BSNYC Friday Fun Quiz!

In recent years there have been numerous proposals to build a velodrome in New York City.  It's crucial that we get a new velodrome, so that the people who currently make a bunch of excuses for not using the one we've already got can finally have access to a better, modern, more centrally-located facility that they won't use either.  Well, a reader tells me that this dream of a new velodrome may finally become a reality, for someone is apparently donating $40 million to make it happen:

I like bikes, I like bike racing, and I like the idea of a velodrome in Brooklyn Bridge Park.  At the same time, I can't help thinking that anyone who would actually foot the bill for one must be completely insane.  If I had $40 million to donate, the last thing I'd do would be to spend it on bike racers.  (Of course, I don't have $40 million to donate--I only have $20 million, and it's all going to the statue of myself I'm giving to the city of Portland, OR.)  Really, it's hard to think of a group of people less deserving of philanthropy than bike racers.  Giving money to bike racers is like giving Chuck E. Cheese tokens to sex offenders.

Of course, there are those who will probably say that building a velodrome also benefits "the youth," but as far as I'm concerned encouraging kids to race bikes is even worse.  If you've ever renewed a USA Cycling racing license, you know they always ask you to donate to the USA Cycling Development Foundation.  However, to actually do so would be incredibly irresponsible, for nothing could be more destructive to America's youth than a life of Fred-dom.  Really, you're better off just buying these kids a bag of weed.  At least that way they might actually get interested in something.  On the other hand, the best-case scenario for an American bike racer is living out of your car, doping for crits, and carping about how your town doesn't have an adequate velodrome.

Then again, as cycling becomes more popular there is more financial opportunity as far as racing is concerned, and thanks to all the sponsorship we're almost at the point where "alleycat racing" is becoming a viable career.  Yes, alleycats have gone mainstream--so mainsteam in fact that they're being covered by in-flight magazines, as I just learned via the Twitter:

("Delta Sky Magazine" is synonymous with "Street Cred.")

"Pick a [rider] and follow him" indeed--that would appear to be the template for the entire "urban cycling" lifestyle.

Speaking of Twitter discoveries, another Tweeterer also alerted me to this:

Date: 2012-03-17, 2:47PM EDT
Reply to: [deleted]

Mid-1980s Eddy Merckx 61 cm. Reynolds 753 frame.
Green and White main tubes, silver forks and stays.
Raised black lettering, gold outline.
Campagnolo Record Components- 3 years old new condition.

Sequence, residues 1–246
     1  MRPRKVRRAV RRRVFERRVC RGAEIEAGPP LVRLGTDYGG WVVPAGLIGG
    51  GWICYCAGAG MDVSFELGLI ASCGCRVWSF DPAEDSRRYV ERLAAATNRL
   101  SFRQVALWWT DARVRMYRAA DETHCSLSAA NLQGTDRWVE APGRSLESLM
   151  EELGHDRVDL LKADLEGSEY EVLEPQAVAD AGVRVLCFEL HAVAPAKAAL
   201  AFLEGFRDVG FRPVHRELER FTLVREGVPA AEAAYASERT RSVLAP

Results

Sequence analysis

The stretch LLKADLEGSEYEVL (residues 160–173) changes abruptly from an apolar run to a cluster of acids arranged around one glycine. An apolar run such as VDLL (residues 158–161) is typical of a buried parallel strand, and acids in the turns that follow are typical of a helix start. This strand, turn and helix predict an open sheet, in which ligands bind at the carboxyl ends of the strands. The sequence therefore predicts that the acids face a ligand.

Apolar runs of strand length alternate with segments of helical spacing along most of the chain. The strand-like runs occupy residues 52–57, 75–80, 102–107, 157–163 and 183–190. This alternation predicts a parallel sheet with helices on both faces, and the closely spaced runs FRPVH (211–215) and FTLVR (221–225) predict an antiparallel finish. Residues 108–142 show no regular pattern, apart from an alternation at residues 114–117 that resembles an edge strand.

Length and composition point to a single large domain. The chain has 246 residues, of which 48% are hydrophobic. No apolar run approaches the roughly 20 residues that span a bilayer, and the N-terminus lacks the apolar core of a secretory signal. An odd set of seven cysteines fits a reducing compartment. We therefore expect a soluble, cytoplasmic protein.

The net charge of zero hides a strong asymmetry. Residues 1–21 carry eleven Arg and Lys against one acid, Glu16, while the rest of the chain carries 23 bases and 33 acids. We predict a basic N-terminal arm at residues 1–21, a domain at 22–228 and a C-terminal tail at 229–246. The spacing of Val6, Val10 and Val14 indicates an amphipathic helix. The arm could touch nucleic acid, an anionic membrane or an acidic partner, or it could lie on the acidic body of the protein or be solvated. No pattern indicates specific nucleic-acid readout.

DT Swiss R1.1 Rims, Black Rims, Spokes, Hubs.
Ritchey carbon-bar and stem
No pedals, front derller has broken screw.
Bought frame 4 years ago w/ original campy BB and headset.
Frame has 5-6 paint chips
2000 $ OBO CONTACT 443-857-[deleted]

Complete with a photograph of a disembodied body presiding over a rather perplexing cockpit:

As far as I'm concerned this photograph fully qualifies as art, and in spirit and composition it evokes Grant Wood's iconic "American Gothic:"

Now, I'm pleased to present you with a quiz.  As always, study the item, think, and click on your answer.  If you're right you'll be delighted, and if you're wrong you'll see some offroad action.

Thanks very much for reading, ride safe, and always pick a rider and follow him blindly.

--Wildcat Rock Machine

1) This bicycle is made from a "vintage" Erector Set.

(George Hincapie kidnapped by Freds)

2) As part of your $240 entry fee for the Gran Fondo New York, you will receive:

(Typical Italian "Gran Fondo" taking a post-ride stroll.)

3) The term "Gran Fondo" is actually Italian for "Big Fred."

(Steamy late-night chat session takes a fateful turn.)

4) Whose missile is he going to ride?

--Mark Cavendish's
--Mario Cipollini's
--Ivan Dominguez's
--Kim Jong-un's

5) How much for these leather cycling shorts?

--This is a trick question, nobody would possibly sell leather cycling shorts

("First Winter:" A facial hair-raising story of survival.)

6) The film "First Winter," about a group of Brooklyn hilpsters forced to survive in the wilderness, has garnered controversy because:

--The filmmakers illegally downloaded much of the score
--The filmmakers killed a deer without first obtaining a permit
--The filmmakers shot the film entirely on location at Bard College without first obtaining a permit
--It sucks

7) This is my Saab.


***Special Old-Timey Bonus Question***

"Back in the day," who won an impromptu "Cat 6" race between a cyclist and Oliver W., the famous trotting ostrich?

--The cyclist
--The ostrich
--It was a tie
--Neither, they were both beaten by a monkey on roller skates

(via "Serial Retrogrouch")

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